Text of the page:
Hong Kong ban on ivory sales comes into force

A ban on selling most ivory products in Hong Kong has come into force
A ban on selling most ivory products in Hong Kong has come into force.

A ban on selling most ivory products in Hong Kong came into effect Friday, the culmination of a three-year process to eliminate the once rampant trade in the city.

Hong Kong lawmakers in 2018 backed a bill opting for a gradual phasing out of the trade—a move some conservationists at the time criticised as a loophole that could be exploited.

The city has been accused of playing an oversized role in the industry, with one 2019 report by a local conservation group saying it accounted for around a fifth of all global seizures in the last decade.

On the eve of the ban, small queues of shoppers were spotted outside some stores selling the product in the city's Sheung Wan district, according to local media reports.

Friday's new rules ban the "import, re-export, and commercial possession of elephant ivory", but make an exception for antique pieces dating from before 1925.

Offenders could face a maximum fine of HK$10 million ($1.3 million) and 10 years' imprisonment.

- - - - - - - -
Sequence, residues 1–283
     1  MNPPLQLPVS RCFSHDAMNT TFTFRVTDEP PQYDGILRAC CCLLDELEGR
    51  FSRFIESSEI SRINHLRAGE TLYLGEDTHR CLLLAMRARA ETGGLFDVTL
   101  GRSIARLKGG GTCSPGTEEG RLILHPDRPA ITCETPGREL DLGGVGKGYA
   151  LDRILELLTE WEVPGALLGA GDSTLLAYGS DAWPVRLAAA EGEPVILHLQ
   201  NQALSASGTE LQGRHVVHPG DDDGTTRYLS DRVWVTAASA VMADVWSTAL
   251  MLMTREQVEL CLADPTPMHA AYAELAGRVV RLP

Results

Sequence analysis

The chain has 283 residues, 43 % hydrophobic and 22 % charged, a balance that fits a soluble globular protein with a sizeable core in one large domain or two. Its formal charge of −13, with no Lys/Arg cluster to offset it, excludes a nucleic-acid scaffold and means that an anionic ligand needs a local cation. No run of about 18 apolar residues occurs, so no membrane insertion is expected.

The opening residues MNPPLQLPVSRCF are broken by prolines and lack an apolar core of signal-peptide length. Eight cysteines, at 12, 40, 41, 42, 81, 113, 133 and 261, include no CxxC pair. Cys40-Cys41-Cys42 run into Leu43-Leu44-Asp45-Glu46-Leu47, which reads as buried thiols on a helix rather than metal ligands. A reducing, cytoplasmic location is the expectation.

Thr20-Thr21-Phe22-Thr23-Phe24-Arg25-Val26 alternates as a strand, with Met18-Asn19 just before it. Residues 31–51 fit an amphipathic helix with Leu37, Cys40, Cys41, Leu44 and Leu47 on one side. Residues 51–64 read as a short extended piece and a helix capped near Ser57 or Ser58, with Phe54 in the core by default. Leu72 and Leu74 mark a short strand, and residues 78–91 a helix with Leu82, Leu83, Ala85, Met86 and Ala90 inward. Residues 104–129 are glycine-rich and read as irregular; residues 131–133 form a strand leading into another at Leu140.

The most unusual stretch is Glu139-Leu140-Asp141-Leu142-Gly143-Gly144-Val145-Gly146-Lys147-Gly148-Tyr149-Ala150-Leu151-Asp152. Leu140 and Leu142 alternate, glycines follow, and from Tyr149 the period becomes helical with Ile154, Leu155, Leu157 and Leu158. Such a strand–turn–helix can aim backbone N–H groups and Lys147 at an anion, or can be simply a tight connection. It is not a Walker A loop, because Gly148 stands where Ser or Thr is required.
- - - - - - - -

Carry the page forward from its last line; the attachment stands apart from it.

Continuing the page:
With its busy port and other transport links, Hong Kong had thrived as a major transit point for in parts of endangered animals like elephants, rhinos and pangolins—most of it headed for consumers in mainland China.

Hong Kong authorities in 2017 made their biggest ivory bust in three decades, with the haul of 7.2 tonnes of tusks valued at around $9 million.

Authorities seized another 2.1 tonnes in 2019—after the phasing-out process had begun.

African ivory was a sought-after status symbol in China and used to fetch as much as $1,100 a kilogram ($500 a pound).

China's own ban on the ivory trade has been in force since 2018.

A spokesman for Hong Kong's Agriculture, Fisheries and Conservation Department said the government was "committed to the protection of endangered species, including elephants".

In August, Hong Kong passed a law that classified wildlife trafficking as an organised crime issue.

© 2021 AFP

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